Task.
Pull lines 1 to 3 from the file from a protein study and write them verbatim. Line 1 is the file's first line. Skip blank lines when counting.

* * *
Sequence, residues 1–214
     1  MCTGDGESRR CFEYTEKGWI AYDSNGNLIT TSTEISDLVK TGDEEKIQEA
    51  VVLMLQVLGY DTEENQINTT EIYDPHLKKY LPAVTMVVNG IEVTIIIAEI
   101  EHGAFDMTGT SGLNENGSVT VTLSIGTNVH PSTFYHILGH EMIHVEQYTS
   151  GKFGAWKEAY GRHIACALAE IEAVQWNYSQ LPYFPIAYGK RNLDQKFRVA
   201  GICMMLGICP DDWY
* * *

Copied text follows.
Sequence, residues 1–214
     1  MCTGDGESRR CFEYTEKGWI AYDSNGNLIT TSTEISDLVK TGDEEKIQEA
    51  VVLMLQVLGY DTEENQINTT EIYDPHLKKY LPAVTMVVNG IEVTIIIAEI